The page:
That may be wishful thinking on his part. Admittedly, tempers have cooled since the days when British Museum officials branded attempts to remove the marbles "cultural fascism", comparing them to Hitler's book burning. But it is hard to see any concrete hope today. The British Museum is only sending the deputy chairman of its board of trustees to the official opening. It hardly spells rapprochement. Permanent repatriation is universally acknowledged as a non-starter, and the idea of a temporary loan is a minefield. "In principle, trustees are always happy to consider any loan request, but the borrowing institution would have to recognise our legal ownership," explained the spokeswoman for the British Museum, Hannah Boulton.
That is something the Greek government has repeatedly refused to do; it would legitimise "the deeds of the infamous annihilators", according to Mr Samaras. Some of his museum guides might need a spot more training on this point. "The plaster casts are of the marbles that belong to the British Museum," one guide told his group of invited guests last night, drawing gasps all round. "I mean located," he hastily corrected himself.
At night the interplay of the reflections of marbles and the Parthenon is simply spectacular, and the yearning to see the originals in their entirety overwhelming. But visitors are also (perhaps unintentionally) reminded that British involvement in the saga might not have been entirely dastardly. In amongst the marble and plaster cast montage are gaping expanses of blank wall. They represent the sections of the frieze that no longer survive at all, and some would argue that Lord Elgin in fact saved art that would have otherwise been destroyed. Similarly some of the metopes not taken down from the Parthenon until the 1990s show considerable erosion, often attributed to the high levels of pollution in Athens.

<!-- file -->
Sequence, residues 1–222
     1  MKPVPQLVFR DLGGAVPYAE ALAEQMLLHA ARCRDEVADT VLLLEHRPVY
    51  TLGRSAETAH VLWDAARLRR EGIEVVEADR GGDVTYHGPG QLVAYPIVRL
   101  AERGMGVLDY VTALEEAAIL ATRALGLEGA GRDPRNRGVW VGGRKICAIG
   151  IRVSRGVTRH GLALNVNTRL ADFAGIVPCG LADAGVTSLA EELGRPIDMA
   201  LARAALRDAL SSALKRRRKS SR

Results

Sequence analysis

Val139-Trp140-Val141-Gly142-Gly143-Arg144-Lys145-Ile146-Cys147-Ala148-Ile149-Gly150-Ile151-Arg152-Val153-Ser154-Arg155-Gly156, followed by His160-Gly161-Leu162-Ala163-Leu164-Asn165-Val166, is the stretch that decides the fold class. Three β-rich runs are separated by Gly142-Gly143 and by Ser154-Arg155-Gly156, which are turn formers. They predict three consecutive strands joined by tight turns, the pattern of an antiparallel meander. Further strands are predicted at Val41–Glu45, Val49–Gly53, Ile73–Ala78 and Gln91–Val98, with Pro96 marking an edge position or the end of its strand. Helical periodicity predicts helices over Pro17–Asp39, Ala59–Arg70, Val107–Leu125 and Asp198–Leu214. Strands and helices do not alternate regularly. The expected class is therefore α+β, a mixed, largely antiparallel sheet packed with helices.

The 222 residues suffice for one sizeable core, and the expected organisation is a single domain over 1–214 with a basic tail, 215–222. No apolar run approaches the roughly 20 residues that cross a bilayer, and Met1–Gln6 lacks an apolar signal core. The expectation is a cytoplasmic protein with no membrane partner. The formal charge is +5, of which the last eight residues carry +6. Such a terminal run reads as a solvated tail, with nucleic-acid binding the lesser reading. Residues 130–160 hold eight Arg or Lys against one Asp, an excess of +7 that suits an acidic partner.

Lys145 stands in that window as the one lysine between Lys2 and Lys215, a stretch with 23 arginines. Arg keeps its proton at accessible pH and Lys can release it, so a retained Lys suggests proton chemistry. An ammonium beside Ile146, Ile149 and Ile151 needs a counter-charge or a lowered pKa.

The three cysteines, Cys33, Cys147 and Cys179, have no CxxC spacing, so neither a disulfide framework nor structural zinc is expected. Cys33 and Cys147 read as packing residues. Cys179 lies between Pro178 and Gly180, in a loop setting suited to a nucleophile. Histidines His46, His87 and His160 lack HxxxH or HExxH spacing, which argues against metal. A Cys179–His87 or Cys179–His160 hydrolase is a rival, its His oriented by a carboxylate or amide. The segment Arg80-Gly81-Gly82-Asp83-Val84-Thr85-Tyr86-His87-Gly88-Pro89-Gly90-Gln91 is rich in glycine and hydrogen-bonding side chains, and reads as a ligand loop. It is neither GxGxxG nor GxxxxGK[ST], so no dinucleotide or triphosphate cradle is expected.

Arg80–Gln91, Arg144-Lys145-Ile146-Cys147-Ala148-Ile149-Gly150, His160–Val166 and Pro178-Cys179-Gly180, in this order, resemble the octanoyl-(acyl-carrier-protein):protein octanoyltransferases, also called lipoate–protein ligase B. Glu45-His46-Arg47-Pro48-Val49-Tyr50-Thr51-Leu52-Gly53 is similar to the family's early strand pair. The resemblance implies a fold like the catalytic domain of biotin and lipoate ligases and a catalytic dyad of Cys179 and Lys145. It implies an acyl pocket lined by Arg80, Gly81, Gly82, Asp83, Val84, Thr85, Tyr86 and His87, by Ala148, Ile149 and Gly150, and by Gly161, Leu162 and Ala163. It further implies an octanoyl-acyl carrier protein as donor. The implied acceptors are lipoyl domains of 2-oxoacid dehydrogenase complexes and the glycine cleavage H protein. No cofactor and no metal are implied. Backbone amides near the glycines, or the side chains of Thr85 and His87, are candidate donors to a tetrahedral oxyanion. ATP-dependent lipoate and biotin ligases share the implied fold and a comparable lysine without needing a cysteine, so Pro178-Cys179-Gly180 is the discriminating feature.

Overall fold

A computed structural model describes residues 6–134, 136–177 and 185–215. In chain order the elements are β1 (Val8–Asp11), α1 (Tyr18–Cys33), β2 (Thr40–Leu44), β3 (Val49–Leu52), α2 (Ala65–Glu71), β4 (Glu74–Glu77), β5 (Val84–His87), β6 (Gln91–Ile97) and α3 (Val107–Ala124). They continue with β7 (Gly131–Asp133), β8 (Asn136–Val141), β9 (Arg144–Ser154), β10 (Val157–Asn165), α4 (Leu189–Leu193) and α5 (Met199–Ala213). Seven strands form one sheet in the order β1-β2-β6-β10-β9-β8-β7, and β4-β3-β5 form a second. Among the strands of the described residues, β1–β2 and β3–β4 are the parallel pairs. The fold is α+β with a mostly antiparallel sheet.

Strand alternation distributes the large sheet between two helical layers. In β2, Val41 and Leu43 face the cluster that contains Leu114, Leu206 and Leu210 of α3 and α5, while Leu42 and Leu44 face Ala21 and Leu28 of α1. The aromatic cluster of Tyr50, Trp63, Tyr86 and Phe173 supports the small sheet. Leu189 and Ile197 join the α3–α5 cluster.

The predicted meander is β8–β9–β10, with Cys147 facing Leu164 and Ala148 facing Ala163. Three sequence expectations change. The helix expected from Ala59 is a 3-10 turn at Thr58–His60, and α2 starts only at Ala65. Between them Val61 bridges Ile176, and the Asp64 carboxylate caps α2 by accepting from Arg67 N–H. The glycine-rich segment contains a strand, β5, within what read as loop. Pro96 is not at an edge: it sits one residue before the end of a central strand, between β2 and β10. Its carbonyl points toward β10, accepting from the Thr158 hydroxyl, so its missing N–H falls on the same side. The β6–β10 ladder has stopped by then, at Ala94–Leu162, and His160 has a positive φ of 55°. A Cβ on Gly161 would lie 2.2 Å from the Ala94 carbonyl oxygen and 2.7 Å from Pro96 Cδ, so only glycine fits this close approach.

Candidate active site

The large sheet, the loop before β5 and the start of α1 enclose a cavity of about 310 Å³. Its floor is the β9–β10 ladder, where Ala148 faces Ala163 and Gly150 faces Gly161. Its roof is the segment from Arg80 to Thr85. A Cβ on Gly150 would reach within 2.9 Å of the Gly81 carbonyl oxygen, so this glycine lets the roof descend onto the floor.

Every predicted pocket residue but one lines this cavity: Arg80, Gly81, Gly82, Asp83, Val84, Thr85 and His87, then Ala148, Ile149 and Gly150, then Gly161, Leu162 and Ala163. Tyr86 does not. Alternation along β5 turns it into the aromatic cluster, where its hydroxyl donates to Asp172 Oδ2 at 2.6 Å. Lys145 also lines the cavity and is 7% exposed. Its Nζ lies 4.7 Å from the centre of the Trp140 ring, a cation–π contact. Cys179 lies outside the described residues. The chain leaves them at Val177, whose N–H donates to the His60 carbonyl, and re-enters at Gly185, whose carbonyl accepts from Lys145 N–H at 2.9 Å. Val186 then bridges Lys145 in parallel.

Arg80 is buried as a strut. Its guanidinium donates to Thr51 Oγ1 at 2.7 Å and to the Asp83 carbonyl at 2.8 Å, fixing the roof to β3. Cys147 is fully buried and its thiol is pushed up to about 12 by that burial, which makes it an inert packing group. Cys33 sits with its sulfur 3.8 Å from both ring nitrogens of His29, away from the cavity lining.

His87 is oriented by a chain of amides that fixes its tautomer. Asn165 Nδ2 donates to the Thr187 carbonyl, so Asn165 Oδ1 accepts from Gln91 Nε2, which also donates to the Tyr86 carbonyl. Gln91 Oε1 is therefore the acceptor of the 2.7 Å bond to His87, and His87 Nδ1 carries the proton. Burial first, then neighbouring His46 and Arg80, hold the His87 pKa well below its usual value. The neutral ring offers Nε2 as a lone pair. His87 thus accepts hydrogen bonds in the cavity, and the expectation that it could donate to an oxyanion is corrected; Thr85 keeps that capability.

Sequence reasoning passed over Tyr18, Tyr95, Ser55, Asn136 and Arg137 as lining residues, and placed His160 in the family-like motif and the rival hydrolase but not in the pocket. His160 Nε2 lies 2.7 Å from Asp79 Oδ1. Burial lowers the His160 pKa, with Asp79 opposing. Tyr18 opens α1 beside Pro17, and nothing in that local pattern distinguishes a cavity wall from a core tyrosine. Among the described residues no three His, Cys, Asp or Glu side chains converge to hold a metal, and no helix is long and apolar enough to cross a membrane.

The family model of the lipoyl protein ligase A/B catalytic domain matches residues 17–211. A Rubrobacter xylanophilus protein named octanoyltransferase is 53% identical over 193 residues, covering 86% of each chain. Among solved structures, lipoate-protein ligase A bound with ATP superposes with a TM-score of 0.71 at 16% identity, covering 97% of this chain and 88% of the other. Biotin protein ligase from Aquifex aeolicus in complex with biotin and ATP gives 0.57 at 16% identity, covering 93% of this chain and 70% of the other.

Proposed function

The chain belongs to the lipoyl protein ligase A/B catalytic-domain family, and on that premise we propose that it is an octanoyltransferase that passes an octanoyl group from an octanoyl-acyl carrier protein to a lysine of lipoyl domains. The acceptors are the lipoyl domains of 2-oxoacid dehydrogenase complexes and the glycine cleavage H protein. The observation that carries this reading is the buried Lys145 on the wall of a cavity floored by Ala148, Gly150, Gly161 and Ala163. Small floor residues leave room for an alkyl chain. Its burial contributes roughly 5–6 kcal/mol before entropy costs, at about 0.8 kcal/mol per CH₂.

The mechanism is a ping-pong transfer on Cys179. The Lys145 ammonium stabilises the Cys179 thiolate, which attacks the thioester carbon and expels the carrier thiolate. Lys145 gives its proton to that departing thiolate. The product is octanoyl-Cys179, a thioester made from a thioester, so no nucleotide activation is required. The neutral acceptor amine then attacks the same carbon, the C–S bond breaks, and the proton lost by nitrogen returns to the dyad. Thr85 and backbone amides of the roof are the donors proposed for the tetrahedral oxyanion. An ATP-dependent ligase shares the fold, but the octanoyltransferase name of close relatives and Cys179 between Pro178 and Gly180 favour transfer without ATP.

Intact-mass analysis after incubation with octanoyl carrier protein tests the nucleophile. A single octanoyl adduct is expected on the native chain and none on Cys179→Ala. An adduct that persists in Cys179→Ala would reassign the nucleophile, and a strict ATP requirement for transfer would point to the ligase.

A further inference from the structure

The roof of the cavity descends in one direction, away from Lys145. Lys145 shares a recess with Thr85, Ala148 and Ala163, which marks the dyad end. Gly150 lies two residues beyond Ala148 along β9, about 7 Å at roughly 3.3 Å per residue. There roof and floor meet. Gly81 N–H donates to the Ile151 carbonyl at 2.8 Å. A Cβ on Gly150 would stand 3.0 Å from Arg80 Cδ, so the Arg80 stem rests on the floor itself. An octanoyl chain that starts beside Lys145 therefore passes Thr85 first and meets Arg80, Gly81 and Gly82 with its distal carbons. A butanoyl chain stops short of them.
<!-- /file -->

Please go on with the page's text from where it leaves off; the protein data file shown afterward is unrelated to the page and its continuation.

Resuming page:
That Greece can look after the marbles properly is no longer in doubt, thanks to the new Acropolis Museum. The primary argument advanced by the British Museum is that keeping the Elgin Marbles in London allows them to be "part of a world museum, where they can be connected to other ancient civilisations".
The idea of a global art is one that resonates with Mary Beard, professor of classics at Cambridge University. "We have a global culture and there's a way in which the division and spread of a monument is a herald to internationalism."
Yet she is swift to add that she understands the Greek pain just as readily. "Imagine the English being told that from now on they could only watch Shakespeare, whose plays incidentally also constitute a global work of art, in Japanese."
You have to feel slightly sorry for Bernard Tschumi, the Swiss architect whose achievement risks being overshadowed by the marbles row. That a new home for the Acropolis treasures is actually finished is not to be skated over. It has been more than 30 years in the planning – that's twice as long as it took the ancient Greeks to build the Parthenon in the first place.
Mr Tschumi won the competition in 2001, and has had to contend with 104 court cases, political infighting, the risk of earthquakes, not to mention the pressure of working in full view of arguably the most influential building in Western civilisation. "I like a challenge," he quips.